The nucleus of basophils can contain two to five U- or S-shaped lobules. These leukocytes pick up basic dyes that cause their granules to have a blue-purple appearance. The granules of basophils contain histamine, serotonin, and heparin. The cells release histamine during an inflammatory response to tissue damage and microbial invasion. Basophils are similar in appearance and function with mast cells, which are strictly localized in connective tissue.
Unlike granulocytes, agranulocytes do not have granules within their cytoplasm and lack a lobulated nucleus. Under a microscope agranulocytes are observed to have a nucleus that composes the bulk of its cellular volume. Agranulocytes include lymphocytes, which are responsible for the specific immune response, meaning that they have memory and build up a vigorous response against toxins or microorganisms that the body has encountered before. The other agranulocyte is the monocyte, which is an immature form of the non-specific macrophage.
Lymphocytes can be categorized by their size (small, medium, and large). These cells have a round nucleus that virtually fills up the cell leaving very little blue-staining cytoplasm surrounding it (when stained in a standard manner). Lymphocytes are the only WBCs that reenter the bloodstream after moving into tissue to attack foreign agents.
There are two types of lymphocytes: T lymphocytes (T cells) and B lymphocytes (B cells).
They both originate in the bone marrow, but T cells grow and mature within the thymus gland while B cells typically mature in bone marrow then move to lymph nodes and similar tissue. T cells attack abnormal cells in the body, such as virally infected cells, tumor cells, and donor transplant cells. B cells sense and attack invading antigens (foreign substance in the body) such as toxins, viruses, or bacteria. In response to antigens, B cells divide into plasma cells that make antibodies aimed at neutralizing and destroying these antigens.
The nuclei of monocytes are also large, but have a kidney shape. The cytoplasm of monocytes is greater in quantity compared to lymphocytes, and it stains in a bluish-gray color. Monocytes have the capacity to leave the bloodstream and enter tissue, where they mature into cells called macrophages. Macrophages phagocytose (phagocytize) microbes and tissue debris.
White Blood Cell Disorders
There are three types of disorders that affect WBCs: leukocytosis, leukopenia, and leukemia. Leukocytosis is a condition characterized by an abnormally high number of mature WBCs. A common type of leukocytic illness is mononucleosis, in which monocyte numbers greatly increase as a result of a viral infection. Signs of this condition include enlarged spleen and lymph nodes. Leukopenia is an abnormally low level of WBCs and commonly occurs with the use of steroids such as cortisone. Like leukocytosis, leukemia is also characterized by a high number of WBCs; however, this high number is a result of cancerous proliferation of immature, nonfunctional WBCs.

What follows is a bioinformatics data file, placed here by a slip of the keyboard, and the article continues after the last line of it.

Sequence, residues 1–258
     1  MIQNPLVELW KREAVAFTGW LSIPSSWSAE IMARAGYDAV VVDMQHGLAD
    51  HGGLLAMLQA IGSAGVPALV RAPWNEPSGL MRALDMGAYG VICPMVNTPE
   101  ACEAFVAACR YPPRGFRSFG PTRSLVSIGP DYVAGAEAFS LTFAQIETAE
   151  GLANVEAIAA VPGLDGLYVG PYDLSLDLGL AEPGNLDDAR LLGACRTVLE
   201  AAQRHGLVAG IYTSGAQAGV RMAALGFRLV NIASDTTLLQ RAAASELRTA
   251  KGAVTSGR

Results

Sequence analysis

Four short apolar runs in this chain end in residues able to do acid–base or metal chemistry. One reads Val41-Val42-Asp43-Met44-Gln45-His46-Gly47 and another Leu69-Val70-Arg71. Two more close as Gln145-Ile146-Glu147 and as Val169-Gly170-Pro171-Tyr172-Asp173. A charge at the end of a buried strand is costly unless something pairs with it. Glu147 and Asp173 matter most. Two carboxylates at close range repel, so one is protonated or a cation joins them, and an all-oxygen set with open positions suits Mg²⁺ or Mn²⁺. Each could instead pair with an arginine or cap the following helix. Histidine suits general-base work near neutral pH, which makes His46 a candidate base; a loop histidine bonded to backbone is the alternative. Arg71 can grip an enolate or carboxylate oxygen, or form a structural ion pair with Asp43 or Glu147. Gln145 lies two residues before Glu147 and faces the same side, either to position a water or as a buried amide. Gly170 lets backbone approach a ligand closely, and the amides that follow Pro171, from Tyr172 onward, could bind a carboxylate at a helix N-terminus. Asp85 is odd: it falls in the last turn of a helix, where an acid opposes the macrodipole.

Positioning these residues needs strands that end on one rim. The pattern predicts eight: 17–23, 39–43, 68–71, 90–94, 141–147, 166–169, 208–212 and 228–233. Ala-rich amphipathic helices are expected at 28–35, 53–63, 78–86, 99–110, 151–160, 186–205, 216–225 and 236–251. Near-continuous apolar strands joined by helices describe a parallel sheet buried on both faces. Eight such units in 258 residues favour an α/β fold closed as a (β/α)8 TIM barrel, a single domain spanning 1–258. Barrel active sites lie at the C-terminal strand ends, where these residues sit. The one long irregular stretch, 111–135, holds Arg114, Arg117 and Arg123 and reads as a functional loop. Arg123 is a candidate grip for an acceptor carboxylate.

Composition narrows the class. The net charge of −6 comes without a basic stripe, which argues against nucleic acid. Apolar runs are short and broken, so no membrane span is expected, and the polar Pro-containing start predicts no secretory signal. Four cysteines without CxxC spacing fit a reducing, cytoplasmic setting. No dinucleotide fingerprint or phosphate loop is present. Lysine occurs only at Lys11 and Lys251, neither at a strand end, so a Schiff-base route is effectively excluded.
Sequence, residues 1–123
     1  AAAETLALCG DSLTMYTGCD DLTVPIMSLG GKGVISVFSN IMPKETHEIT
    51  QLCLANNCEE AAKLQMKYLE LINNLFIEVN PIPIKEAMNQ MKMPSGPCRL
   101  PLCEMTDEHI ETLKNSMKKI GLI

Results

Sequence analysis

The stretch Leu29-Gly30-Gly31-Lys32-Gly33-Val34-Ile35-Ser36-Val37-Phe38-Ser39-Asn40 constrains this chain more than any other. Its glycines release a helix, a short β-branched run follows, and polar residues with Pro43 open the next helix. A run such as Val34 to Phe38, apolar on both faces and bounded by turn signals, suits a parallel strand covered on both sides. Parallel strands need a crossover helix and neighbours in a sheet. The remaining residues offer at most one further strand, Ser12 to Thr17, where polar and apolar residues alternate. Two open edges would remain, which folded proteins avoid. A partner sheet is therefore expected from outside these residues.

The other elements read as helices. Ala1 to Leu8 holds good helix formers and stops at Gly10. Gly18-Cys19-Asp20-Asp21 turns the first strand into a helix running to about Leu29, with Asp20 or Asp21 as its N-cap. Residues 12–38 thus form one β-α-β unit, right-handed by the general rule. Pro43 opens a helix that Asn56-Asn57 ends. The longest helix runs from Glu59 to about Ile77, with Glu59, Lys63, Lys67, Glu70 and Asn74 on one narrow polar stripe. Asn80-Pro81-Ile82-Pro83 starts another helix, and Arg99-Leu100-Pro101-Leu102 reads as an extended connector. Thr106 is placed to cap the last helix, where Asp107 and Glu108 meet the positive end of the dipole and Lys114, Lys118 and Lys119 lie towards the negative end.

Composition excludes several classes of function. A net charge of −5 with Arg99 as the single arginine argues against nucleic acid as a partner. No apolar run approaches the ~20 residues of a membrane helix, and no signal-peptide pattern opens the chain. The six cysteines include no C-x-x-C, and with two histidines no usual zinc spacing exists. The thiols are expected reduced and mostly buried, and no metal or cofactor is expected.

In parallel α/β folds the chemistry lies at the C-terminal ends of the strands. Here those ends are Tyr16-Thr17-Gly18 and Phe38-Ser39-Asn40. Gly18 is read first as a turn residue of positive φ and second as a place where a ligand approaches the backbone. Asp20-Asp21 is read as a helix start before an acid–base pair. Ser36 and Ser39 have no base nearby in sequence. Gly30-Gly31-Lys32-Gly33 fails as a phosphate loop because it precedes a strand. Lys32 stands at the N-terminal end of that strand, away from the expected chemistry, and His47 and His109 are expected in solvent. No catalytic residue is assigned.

Neutropenia is a condition in which neutrophils are abnormally low in the body. Because these granulocytes play an important role in fighting infection, individuals with neutropenia are more susceptible to infections. These infections are also more likely to develop into life-threatening conditions. Neutropenia often occurs in people undergoing chemotherapy or radiation therapy. Physicians may suspect neutropenia in patients who frequently develop infections.
Platelets, as we described earlier are primarily involved in hemostasis. Platelets are smaller fragments of larger cells called megakaryocytes. Megakaryocytes are large nucleated cells off of which numerous platelets bud. Platelets, like red blood cells, also lack a nucleus. They do, however, have a plasma membrane surrounding a cytoplasm and a few organelles. Platelets are the smallest formed elements of blood with a diameter of only 1 to 2 micrometers. Platelets are the cellular component in the process of hemostasis in which a clot is ultimately formed to stop blood loss from a damaged blood vessel. Under normal circumstances, platelets are repeled by the endothelial lining of blood vessels. This is due to the endothelial cells releasing the prostaglandin prostacyclin. Upon vascular injury prostacyclin levels fall, and, along with exposed collagen as a binding site, platelets start adhering to the damaged area. Through a series of further steps, platelets and other proteins will seal the damaged blood vessel wall by forming a blood clot.
Hematopoiesis and Stem Cells
Hematopoiesis, or the formation of blood cells, occurs in the red bone marrow of the body. Recall that seven different cell types (including platelets) circulate in the blood, yet their lineage can all be traced to stem cells in the bone marrow. As these stem cells produce new cells via mitosis, the daughter cells may follow different maturational paths, depending on the needs of the body. Two common paths are the myeloid cell line and the lymphoid cell line. The myeloid line gives rise to red blood cells, granular leukocytes, platelets, and monocytes. The lymphoid cell line produces T and B lymphocytes. Although most myeloid cells mature in the myeloid tissues of the red bone marrow of the skull, vertebrae and rib cage (as well as long bones in children), lymphoid derived cells typically mature in lymphoid tissues throughout the body, such as the spleen, tonsils and lymph nodes.